Chapter 04



A. Chapter Summary and Goals
B. Discussion Text

4.A. Ancient Western Views on Body, Soul and Mind.
4.B. Classic Hindu Views on Soul, Self and God
4.C. Modern Views on Mind and Body
4.D. 20th Century views on Mind and Body
4.E. Intentionality
4.F. Minds and Machines

C. Discussion and Essay Questions
D. Topical Links, Web Links and Activities
E. Self-Test Questions and Answers
F. Suggestions for Further Reading

A. Chapter Summary and Goals

Summary: Few things concern us more than our "states of mind" or "the condition of our souls." Thoughts, moods, hopes, pains, loves and hates are the stuff of human life. They seem to be close to, or to be in or part of, our real core selves, our souls. Perhaps they are close to God also, or even part of God, for it seems natural to think of them as immaterial, and it has seemed natural to many to think of God as immaterial also. In fact there is an ancient tradition which links the soul or mind to what is morally highest in a person. Other traditions, especially eastern ones, sometimes go so far as to identify the core self with God. Even if we somehow disassociate soul or mind from religious or moral conceptions, a certain mystery remains. How are we to understand "states of the mind?" Do only humans have them? Are they located somewhere? Perhaps it makes no more sense to ask for their location than it would to ask for the location of Wednesday, or the number 2. On the other hand, it could be that they are nothing but states of the brain. But if they are states of the brain, then it might seem that beings with different kinds of brains, or non-physical beings (such as God, assuming there is one) could not have thoughts, or thoughts like human thoughts. But that seems implausible. One way out of some of these difficulties is to identify thoughts and other mental states with functions. What matters is not the stuff involved but the function performed, just as what matters most for a doorstopper is that it functions to keep a door open, not that it be made of any particular material. It has seemed quite natural to move on from thinking of minds as physical, or as functional states, to thinking that machines too might have minds. The temptation to do that is greatly reinforced by new technologies, such as computers or robots that seem to think, remember, plan and learn. Yet it is far from clear that such things could actually think or remember, as opposed to merely simulating thinking or remembering.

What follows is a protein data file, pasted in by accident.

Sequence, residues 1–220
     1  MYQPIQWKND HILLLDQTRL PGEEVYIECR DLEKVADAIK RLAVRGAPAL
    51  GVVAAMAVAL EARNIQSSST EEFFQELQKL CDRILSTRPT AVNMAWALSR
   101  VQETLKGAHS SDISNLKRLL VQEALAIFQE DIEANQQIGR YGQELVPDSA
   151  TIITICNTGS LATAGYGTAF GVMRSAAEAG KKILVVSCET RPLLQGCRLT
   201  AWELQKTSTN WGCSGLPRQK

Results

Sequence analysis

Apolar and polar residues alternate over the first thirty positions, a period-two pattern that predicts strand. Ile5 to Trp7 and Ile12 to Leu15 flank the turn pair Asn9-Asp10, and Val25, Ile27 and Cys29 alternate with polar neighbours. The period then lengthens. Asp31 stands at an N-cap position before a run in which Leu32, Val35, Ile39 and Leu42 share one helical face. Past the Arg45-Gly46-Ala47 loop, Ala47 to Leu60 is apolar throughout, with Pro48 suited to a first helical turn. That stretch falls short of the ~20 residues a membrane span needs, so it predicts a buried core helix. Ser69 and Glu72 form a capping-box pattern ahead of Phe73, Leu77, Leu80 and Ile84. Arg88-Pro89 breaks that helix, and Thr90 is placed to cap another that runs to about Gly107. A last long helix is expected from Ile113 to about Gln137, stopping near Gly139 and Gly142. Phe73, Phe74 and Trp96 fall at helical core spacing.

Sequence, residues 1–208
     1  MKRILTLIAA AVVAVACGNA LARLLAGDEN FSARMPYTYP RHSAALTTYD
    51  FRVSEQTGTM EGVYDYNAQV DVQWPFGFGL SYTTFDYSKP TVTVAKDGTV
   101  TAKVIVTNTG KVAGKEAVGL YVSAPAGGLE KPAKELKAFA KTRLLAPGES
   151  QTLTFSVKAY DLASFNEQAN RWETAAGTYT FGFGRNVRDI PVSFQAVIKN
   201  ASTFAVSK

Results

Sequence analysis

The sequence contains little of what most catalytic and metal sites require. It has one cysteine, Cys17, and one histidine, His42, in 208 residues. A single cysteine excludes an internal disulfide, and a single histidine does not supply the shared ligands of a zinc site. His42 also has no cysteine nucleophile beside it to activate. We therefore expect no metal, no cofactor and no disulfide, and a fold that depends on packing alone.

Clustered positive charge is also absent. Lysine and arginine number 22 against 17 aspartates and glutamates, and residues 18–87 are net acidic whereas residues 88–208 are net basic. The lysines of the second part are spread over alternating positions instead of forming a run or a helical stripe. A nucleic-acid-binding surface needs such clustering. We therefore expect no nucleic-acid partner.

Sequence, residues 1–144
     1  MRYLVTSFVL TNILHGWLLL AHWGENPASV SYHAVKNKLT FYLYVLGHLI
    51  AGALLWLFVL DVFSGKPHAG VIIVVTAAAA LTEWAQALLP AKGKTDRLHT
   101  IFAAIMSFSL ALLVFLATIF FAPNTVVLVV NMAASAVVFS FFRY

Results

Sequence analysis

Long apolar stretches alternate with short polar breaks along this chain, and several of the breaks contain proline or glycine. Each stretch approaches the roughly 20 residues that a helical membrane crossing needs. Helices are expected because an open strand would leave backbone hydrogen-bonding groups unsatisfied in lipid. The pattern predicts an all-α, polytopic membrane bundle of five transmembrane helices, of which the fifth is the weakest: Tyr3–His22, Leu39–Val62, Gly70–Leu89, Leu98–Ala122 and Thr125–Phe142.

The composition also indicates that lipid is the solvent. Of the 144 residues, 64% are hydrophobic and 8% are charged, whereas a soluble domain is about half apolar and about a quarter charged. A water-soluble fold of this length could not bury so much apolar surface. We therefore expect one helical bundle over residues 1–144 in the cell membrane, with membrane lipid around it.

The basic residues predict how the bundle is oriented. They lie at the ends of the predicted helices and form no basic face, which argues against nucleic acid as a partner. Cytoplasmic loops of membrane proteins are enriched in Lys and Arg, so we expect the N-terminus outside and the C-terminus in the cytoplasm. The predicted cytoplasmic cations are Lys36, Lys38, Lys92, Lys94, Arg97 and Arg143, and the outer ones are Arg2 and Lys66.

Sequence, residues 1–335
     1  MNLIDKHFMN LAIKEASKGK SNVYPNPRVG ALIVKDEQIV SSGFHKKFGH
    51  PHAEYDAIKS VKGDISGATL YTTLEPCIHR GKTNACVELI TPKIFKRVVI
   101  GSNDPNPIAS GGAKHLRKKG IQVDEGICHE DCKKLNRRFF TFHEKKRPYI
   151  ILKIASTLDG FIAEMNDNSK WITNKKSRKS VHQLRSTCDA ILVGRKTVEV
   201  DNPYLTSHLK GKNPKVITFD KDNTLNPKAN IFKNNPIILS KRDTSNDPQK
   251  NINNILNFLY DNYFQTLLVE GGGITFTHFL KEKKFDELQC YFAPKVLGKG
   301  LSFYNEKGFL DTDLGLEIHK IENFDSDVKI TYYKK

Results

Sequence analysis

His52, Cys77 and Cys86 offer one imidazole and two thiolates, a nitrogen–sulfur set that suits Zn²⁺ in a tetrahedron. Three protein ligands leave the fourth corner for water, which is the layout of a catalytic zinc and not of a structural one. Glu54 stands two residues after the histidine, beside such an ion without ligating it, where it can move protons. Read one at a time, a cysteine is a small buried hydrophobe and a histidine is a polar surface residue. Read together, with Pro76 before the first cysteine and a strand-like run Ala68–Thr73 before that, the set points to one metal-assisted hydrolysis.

• Understand ancient Western views on body, soul and mind
  • Understand classic Hindu views on soul, self and God
  • Understand modern views on mind and body
  • Understand 20th century views on mind and body
  • Understand the notion of intentionality
  • Understand the relation between minds and machines

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